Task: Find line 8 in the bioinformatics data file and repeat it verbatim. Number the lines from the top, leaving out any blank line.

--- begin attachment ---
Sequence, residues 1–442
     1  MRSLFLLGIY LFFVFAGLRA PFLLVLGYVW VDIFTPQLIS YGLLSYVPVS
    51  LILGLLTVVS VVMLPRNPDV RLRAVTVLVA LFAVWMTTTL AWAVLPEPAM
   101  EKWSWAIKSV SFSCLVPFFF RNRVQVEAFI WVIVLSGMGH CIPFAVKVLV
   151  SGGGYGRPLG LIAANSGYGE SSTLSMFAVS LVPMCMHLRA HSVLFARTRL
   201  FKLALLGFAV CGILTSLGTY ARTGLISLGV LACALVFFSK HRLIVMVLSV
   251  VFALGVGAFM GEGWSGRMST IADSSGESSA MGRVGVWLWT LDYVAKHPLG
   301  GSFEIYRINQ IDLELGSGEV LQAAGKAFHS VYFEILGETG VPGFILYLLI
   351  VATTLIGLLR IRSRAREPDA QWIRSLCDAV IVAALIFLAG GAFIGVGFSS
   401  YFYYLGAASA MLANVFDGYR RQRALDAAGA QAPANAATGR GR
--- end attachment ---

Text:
   301  GSFEIYRINQ IDLELGSGEV LQAAGKAFHS VYFEILGETG VPGFILYLLI